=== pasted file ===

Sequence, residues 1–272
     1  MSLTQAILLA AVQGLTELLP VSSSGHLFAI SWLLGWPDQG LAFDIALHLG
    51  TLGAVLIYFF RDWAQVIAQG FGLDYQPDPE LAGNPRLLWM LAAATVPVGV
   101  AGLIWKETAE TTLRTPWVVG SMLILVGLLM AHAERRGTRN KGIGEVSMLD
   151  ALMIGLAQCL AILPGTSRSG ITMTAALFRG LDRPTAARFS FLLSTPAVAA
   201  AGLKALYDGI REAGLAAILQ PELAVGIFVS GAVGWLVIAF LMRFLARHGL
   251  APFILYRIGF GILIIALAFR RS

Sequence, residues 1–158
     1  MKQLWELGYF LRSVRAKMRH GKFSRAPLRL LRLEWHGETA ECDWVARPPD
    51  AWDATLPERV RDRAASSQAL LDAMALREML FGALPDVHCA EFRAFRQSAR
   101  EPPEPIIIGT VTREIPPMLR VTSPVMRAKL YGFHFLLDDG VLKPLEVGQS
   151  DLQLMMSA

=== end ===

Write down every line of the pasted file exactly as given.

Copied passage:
Sequence, residues 1–272
     1  MSLTQAILLA AVQGLTELLP VSSSGHLFAI SWLLGWPDQG LAFDIALHLG
    51  TLGAVLIYFF RDWAQVIAQG FGLDYQPDPE LAGNPRLLWM LAAATVPVGV
   101  AGLIWKETAE TTLRTPWVVG SMLILVGLLM AHAERRGTRN KGIGEVSMLD
   151  ALMIGLAQCL AILPGTSRSG ITMTAALFRG LDRPTAARFS FLLSTPAVAA
   201  AGLKALYDGI REAGLAAILQ PELAVGIFVS GAVGWLVIAF LMRFLARHGL
   251  APFILYRIGF GILIIALAFR RS

Sequence, residues 1–158
     1  MKQLWELGYF LRSVRAKMRH GKFSRAPLRL LRLEWHGETA ECDWVARPPD
    51  AWDATLPERV RDRAASSQAL LDAMALREML FGALPDVHCA EFRAFRQSAR
   101  EPPEPIIIGT VTREIPPMLR VTSPVMRAKL YGFHFLLDDG VLKPLEVGQS
   151  DLQLMMSA